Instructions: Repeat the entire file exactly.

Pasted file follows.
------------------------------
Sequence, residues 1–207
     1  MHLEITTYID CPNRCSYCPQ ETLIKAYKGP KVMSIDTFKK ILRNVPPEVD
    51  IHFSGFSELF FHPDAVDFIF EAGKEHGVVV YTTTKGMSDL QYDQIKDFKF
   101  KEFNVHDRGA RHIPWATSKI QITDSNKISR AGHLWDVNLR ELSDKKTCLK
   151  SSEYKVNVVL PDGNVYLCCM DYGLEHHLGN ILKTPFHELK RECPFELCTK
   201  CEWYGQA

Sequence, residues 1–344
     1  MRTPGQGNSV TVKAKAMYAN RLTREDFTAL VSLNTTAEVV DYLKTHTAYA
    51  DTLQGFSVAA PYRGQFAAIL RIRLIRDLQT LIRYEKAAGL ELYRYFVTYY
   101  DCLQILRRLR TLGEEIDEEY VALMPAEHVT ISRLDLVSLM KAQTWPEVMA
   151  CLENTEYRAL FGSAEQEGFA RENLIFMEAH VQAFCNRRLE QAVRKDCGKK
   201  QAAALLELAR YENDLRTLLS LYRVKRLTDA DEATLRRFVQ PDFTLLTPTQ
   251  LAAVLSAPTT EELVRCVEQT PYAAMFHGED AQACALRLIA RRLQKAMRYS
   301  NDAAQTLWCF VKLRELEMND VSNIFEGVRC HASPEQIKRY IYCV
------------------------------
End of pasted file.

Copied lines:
Sequence, residues 1–207
     1  MHLEITTYID CPNRCSYCPQ ETLIKAYKGP KVMSIDTFKK ILRNVPPEVD
    51  IHFSGFSELF FHPDAVDFIF EAGKEHGVVV YTTTKGMSDL QYDQIKDFKF
   101  KEFNVHDRGA RHIPWATSKI QITDSNKISR AGHLWDVNLR ELSDKKTCLK
   151  SSEYKVNVVL PDGNVYLCCM DYGLEHHLGN ILKTPFHELK RECPFELCTK
   201  CEWYGQA

Sequence, residues 1–344
     1  MRTPGQGNSV TVKAKAMYAN RLTREDFTAL VSLNTTAEVV DYLKTHTAYA
    51  DTLQGFSVAA PYRGQFAAIL RIRLIRDLQT LIRYEKAAGL ELYRYFVTYY
   101  DCLQILRRLR TLGEEIDEEY VALMPAEHVT ISRLDLVSLM KAQTWPEVMA
   151  CLENTEYRAL FGSAEQEGFA RENLIFMEAH VQAFCNRRLE QAVRKDCGKK
   201  QAAALLELAR YENDLRTLLS LYRVKRLTDA DEATLRRFVQ PDFTLLTPTQ
   251  LAAVLSAPTT EELVRCVEQT PYAAMFHGED AQACALRLIA RRLQKAMRYS
   301  NDAAQTLWCF VKLRELEMND VSNIFEGVRC HASPEQIKRY IYCV